The title question might be an odd one to ask in a blog post about communication. But I assure you it’s timely. Today’s topic is values, and in my experience as a coach, many people haven’t given the topic much thought let alone explored in depth what their values are.
What are values?
Values form the blueprint for what’s important to us. We make decisions in our lives based on our values. Values are different for everyone. Solitude, integrity, adventure, collaboration. There are all kinds of combinations!
Our values also form a significant part of our unique communication blueprint, and we consciously or unconsciously communicate based on our values. When we know what our values are, we can understand why we behave the way we do in our interactions. We can also understand why others behave the way they do, and that’s a recipe for understanding and empathy in any interaction.
How values show up in communication
Personal story. Connection is a top value of mine, so when I communicate, I tend to do so from a place of vulnerability to give connection in an interaction and then I ask a lot of questions, because I like to get to know the person I’m speaking to on a deeper level to receive connection.
There are numerous examples. We all know the guy who’s just so damn funny – at work, at home, in the grocery story, and maybe even annoyingly so in situations where it doesn’t call for it. It’s because humour is a value for him. How about the manager who goes on about hitting the next milestone or besting the latest results? She’s not doing it to irritate you. It’s because she values accomplishment or maybe even competition.
A cautionary note
It’s possible to go too far with your values in an interaction – like the guy using humour at a less than ideal time. That’s where conscious awareness of our values works to our advantage. With awareness, we know what our values are and we can choose how we’ll act when they’re met or not met, as well as when we find ourselves in situations that may present us with people who have values that are different or conflicting with ours. Think now that each person around you has their own list of values governing the way they communicate and that conflicts often arise when conflicting values are in the room. It’ll change the way your interactions unfold.
Whose values are they anyway?
The most important question we must ask when we’re exploring our values is which ones are imposed on us by family, culture or the society we live in? Values such as safety and control often come from threatening situations we may have found ourselves in when we were kids. Imposed values feel constricting and closed off, and they prevent us from being our best selves. Because they’re others’ values and unnatural to who we are, when we communicate from them, we don’t communicate from our personal power and we come across inauthentic.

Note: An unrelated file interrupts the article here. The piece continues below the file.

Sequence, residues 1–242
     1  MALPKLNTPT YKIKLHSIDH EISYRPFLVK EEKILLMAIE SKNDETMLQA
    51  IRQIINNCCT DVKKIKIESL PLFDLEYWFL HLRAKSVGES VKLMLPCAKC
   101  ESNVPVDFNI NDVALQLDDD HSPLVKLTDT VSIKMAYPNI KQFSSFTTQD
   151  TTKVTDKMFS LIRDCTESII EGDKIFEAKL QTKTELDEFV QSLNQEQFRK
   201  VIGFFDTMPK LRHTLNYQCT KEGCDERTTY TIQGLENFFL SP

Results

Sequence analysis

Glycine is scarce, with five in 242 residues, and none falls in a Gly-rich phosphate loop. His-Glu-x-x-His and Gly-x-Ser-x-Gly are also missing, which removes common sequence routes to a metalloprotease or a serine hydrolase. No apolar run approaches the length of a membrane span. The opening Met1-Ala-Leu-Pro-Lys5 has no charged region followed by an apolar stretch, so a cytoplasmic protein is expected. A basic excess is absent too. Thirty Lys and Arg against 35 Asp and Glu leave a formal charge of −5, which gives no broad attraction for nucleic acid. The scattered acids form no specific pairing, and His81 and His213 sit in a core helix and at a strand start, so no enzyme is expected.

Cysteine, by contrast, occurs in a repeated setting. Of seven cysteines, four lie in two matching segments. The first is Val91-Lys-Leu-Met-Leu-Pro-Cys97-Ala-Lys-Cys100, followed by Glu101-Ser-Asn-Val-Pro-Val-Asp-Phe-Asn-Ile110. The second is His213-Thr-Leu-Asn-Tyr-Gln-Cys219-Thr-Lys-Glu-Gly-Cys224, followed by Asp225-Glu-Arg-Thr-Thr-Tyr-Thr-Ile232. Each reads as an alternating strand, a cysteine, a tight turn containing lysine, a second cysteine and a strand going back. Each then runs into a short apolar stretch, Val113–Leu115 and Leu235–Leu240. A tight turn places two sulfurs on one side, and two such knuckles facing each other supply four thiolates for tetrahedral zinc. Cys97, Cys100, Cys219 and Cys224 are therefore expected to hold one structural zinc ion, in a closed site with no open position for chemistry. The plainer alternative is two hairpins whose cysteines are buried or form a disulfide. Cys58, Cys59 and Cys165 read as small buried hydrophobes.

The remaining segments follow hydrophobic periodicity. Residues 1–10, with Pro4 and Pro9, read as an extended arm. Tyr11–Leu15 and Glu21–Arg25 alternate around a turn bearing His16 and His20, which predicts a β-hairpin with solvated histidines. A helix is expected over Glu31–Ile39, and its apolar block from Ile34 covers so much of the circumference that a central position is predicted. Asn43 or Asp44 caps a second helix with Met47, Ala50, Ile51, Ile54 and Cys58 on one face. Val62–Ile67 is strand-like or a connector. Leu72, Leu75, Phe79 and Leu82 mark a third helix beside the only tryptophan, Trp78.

You want to embrace the values that are uniquely yours and consciously chosen by you. These values feel authentic, expansive and freeing. They will inspire you to be your best self and live your best life. When you communicate from them, you’ll stand firmly in your personal power and you’ll build trust and relationships effortlessly and easily.
Getting to know your values
How confident do you feel in knowing what your values are? If you answer very, I challenge you to take it a step further and observe how your values are showing up in your communication. How are your values being met in communication where you’re fully in your personal power versus when you’re in a conflict situation?
If you’ve got some work to do in learning more about your values, that’s totally OK. Now’s the perfect time to start! A simple Google search for “values” will provide lists upon lists of them. Find a list you like and circle to the best of your ability the values you think are uniquely yours and then observe yourself in your interactions. Which ones come out stronger than others? Can you see others’ values come through in the way they communicate?
When we know who we are, we can ask for what we want and express ourselves confidently and clearly. That is powerful communication!
You’ll be preferentially surprised in our next post about how differently we process information and what that means for the way you and others communicate! Come back in two weeks to find out more.